DEVESELU, Romania — A U.S missile defense site in Romania aimed at protecting Europe from ballistic missile threats becomes operational Thursday, angering Russia, which opposes having the advanced military system in its former area of influence.

NATO Secretary General Jens Stoltenberg is due to speak at a ceremony later attended by U.S., NATO and Romanian officials to mark the start of operations at a base established by the Soviet Union, 110 miles southwest of Bucharest.

President Klaus Iohannis said Romania wanted NATO to have a "permanent naval presence" in the Black Sea that respected international conventions, and called for increased security for NATO members in the south and east, which border Russia and the Middle East.

"It is important that a credible and predictable presence can be assured of the allied forces on the eastern flank, to balance the northern dimension with the southern and eastern flank," Iohannis said after meeting Stoltenberg early Thursday in the Romanian capital Bucharest.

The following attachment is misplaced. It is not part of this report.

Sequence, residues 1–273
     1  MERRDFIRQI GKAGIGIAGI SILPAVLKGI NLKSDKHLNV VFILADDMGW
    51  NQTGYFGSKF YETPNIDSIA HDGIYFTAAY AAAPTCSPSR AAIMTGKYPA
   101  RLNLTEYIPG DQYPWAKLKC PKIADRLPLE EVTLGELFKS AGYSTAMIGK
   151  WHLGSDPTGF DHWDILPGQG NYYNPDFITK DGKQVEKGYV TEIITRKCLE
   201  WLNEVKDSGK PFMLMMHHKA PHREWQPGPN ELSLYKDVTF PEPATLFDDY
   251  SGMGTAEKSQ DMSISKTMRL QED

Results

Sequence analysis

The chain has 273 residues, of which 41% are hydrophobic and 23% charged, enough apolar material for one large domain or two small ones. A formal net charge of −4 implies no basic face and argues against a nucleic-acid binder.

U.S. officials say the Romanian missile shield, which cost $800 million, is intended to fend off missile threats from Iran and is not aimed at Russia.

However, Adm. Vladimir Komoyedov, chairman of State Duma's defense committee, called the missile defense site a threat to Russia, which will bolster its missile defense systems earlier than planned.

"This is a direct threat to us," Komoyedov, the former commander of the Russian Black Sea Fleet, told the Interfax news agency. "They are moving to the firing line. This is not just 100; it's 200, 300, 1,000 percent aimed against us.

"This is not about Iran, but about Russia with its nuclear capabilities."

On Friday, Polish and U.S. officials will take shovels in hand to break ground at a planned site in the Polish village of Redzikowo, near the Baltic Sea.

Nataliya Vasilyeva in Moscow contributed to this report.